asrallah and War on Egypt

Tariq Alhomayed
Asharq Alawsat

Rather than having to listen to him, I read a transcript of the speech delivered by “king” Hassan Nasrallah, as there is a difference between watching the performance of the leader of the Iranian-affiliated party and actually reading what he said. Nasrallah did not hesitate in attacking Egypt, and calling on the Arabs to make today, and every day, another Battle of Karbala! Nasrallah incited the Egyptians against their own country and leadership, accusing Egypt of treason and of playing a part in the crime [of the Israeli attack on Gaza]. Nasrallah also attacked the Arab countries that have signed peace agreements with Israel, calling for Egypt and the Arab world to take up arms and support Hamas and the resistance. He considered the disproportionate difference in strength an excuse for the weak, saying that martyrdom and sacrifice were inevitable.

This is what Nasrallah said, but what he failed to mention is far more important and dangerous. Nasrallah did not dare say a word about the Syrian who announced his willingness for direct negotiation with Israel despite the escalation of aggression in Gaza committed by the Israeli machine. Instead of mentioning this, he decided to attack Egypt.

The other issue is that Nasrallah asked about the whereabouts of “our oil and money”. Let us ask him; what happened to the “pure” money, and where is [Iranian-built] Shahab 1 or even Shahab 10 to help rescue Hamas? Instead of Nasrallah declaring war on Israel in solidarity with Hamas or Gaza, he declared war on Egypt.

Hamas rushed to Hezbollah’s rescue in 2006 [Israel-Hezbollah summer war] following the abduction of two Israeli soldiers at the hands of Hezbollah, and even opened up another battlefront by abducting Gilad Shalit themselves, so why has Nasrallah not come to Hamas’s rescue today, especially considering that Khalid Meshal said that Hamas was awaiting action, not words, from Hezbollah?

Hassan Nasrallah, who made an appearance on Sunday to stir up the Arabs and Arabism, who is the same man who occupied Beirut and tortured its Sunni citizens, along with Iranian agents and nobody else, today wants us to follow the instructions of [Supreme leader of Iran, Ayatollah] Khamenei. This is what Nasrallah called for in his recent speech.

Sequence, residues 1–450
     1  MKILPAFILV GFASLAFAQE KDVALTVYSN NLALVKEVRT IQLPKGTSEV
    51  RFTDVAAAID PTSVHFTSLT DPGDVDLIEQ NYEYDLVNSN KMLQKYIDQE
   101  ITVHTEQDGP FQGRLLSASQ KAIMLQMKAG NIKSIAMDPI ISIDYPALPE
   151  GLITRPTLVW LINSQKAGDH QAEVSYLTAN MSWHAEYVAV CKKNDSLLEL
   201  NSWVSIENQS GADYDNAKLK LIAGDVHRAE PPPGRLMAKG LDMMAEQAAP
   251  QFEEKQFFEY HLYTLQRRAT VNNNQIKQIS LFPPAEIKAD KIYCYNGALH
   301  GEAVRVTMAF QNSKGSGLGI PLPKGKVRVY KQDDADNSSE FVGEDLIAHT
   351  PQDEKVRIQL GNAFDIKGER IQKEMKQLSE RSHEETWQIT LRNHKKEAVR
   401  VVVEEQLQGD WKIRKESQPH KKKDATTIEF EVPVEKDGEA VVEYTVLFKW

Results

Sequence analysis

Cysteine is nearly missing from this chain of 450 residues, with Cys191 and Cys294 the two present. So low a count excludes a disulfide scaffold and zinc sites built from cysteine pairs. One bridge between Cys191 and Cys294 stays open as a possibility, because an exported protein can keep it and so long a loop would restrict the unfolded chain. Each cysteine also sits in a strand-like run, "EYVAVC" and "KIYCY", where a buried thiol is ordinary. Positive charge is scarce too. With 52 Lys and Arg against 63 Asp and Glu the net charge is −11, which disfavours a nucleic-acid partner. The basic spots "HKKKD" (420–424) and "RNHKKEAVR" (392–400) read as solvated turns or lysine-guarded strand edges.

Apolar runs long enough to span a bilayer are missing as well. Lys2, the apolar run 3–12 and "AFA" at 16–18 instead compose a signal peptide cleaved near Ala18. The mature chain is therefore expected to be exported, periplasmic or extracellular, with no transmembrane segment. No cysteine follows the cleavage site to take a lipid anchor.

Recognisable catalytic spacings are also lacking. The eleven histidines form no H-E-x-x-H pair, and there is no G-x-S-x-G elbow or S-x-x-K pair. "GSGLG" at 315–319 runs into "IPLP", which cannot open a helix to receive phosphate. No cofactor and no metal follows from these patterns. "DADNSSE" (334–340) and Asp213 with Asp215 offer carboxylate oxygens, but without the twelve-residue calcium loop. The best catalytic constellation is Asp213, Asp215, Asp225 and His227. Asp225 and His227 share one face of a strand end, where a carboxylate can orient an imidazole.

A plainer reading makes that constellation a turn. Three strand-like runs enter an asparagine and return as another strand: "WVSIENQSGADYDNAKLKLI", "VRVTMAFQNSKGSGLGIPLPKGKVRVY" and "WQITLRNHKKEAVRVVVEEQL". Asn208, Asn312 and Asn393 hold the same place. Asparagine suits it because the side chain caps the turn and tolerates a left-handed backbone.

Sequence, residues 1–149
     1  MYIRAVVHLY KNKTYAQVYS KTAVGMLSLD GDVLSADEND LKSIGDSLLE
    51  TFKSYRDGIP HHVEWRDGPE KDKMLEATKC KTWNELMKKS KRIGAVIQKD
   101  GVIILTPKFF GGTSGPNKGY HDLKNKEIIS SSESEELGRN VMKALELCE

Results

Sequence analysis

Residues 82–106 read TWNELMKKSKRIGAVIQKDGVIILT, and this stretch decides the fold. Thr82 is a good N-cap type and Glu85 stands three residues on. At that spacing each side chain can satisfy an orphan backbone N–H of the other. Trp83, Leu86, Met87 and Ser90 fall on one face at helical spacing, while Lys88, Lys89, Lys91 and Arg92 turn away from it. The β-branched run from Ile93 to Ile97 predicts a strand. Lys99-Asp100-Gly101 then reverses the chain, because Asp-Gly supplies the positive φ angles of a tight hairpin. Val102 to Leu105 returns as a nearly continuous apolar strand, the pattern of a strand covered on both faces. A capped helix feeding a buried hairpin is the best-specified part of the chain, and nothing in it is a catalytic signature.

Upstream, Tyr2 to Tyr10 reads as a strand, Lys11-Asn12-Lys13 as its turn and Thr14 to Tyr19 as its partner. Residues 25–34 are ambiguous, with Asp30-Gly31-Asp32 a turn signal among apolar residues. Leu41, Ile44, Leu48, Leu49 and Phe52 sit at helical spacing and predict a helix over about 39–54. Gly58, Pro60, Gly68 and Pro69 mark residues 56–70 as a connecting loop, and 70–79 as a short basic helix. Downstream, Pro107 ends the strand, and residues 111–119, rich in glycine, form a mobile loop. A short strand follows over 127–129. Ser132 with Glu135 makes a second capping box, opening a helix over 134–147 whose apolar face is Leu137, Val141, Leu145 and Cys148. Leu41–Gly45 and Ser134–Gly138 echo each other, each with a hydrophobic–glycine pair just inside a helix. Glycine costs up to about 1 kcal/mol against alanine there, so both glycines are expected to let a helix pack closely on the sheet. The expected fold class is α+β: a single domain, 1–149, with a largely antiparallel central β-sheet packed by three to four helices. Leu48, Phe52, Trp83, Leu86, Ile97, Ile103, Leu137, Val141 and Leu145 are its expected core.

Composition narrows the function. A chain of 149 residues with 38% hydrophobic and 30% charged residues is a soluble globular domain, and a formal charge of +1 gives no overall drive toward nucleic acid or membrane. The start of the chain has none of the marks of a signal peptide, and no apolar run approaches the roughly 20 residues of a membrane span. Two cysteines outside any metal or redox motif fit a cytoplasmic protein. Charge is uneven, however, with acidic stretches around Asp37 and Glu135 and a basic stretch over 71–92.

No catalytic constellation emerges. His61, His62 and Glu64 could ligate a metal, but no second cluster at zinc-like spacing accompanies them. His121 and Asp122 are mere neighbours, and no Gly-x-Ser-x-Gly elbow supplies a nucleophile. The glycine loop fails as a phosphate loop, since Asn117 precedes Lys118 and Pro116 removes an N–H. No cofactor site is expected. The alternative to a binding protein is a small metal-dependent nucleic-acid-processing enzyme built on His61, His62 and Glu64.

What many did not notice in Nasrallah’s address is that he devoted half of the speech to attacking Egypt and incitement against it, whilst the second half was devoted to attacking elements within Lebanon. Do you know why? This is one point.

Nasrallah says that he has no knowledge of the Katyusha rockets discovered in South Lebanon a few days ago, saying that those who claim that Hezbollah knew about these rockets are finding excuses for Israel to wage a war against his party. Half of his speech was about that.

So if Nasrallah doesn’t want to provide Israel with an excuse, shouldn’t it be the same for Gaza? Shouldn’t Hamas turn away from Iranian assistance to strengthen it when all this does is torture the people of Gaza and subject them to brutal Israeli force?

Why should there be no excuse with regards to Lebanon whilst at the same time, Ismail Haniyeh calls for the people of Gaza to persevere until obliteration? Why does seek to ensure that there is no excuse in Lebanon whilst there are calls for Egypt to surrender its security and decisions to Hamas and Iran, and to be dragged into another war with Israel? Would it not be more useful to call on “steadfast Syria” to open a battlefront along the Golan Heights, rather than asking Egypt?

The only advantage to Nasrallah’s speech is that it revealed to the world what we have been saying the whole time: that Iran is a real threat to Arab security, as today it launched a war against Egypt, tomorrow against Saudi Arabia, and then the whole house of cards will collapse. .


The third thing I want to talk about very briefly is the genuine danger of terrorism, in particular terrorists using weapons of mass destruction and weapons of mass murder, nuclear and biological weapons. And I want to suggest to you that right now we should be impaneling people to look seriously at a20level of supervision that we would never dream of if it weren’t for the scale of threat.
Let me give you two examples. When the British this summer arrested people who were planning to blow up ten airliners in one day, they arrested a couple who were going to use their six month old baby in order to hide the bomb as baby milk.

Now, if I come to you tonight and say that there are people on the planet who hate you, and they are 15-25 year old males who are willing to die as long as they get to kill you, I’ve simply described the warrior culture which has been true historically for 6 or 7 thousand years.

But, if I come to you and s ay that there is a couple that hates you so much that they will kill their six month old baby in order to kill you, I am describing a level of ferocity, and a level of savagery beyond anything we have tried to deal with.